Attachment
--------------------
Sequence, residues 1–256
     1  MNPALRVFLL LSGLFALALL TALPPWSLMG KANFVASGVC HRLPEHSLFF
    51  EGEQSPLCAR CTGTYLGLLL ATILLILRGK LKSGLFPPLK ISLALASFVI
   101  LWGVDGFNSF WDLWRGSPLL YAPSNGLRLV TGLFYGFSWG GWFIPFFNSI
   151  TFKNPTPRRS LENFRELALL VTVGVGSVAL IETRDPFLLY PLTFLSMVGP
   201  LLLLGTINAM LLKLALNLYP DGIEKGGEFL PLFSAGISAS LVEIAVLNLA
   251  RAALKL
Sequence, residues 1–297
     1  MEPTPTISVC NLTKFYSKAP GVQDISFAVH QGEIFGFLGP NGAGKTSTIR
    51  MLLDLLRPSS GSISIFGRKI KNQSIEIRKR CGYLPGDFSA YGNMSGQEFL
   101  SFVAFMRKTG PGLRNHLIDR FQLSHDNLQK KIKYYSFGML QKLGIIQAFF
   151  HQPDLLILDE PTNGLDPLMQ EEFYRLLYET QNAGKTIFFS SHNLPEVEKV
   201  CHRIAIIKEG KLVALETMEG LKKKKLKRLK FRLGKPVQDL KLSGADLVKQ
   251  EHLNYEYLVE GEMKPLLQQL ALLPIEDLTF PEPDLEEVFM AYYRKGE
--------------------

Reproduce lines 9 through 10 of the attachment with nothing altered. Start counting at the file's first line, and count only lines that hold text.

     1  MEPTPTISVC NLTKFYSKAP GVQDISFAVH QGEIFGFLGP NGAGKTSTIR
    51  MLLDLLRPSS GSISIFGRKI KNQSIEIRKR CGYLPGDFSA YGNMSGQEFL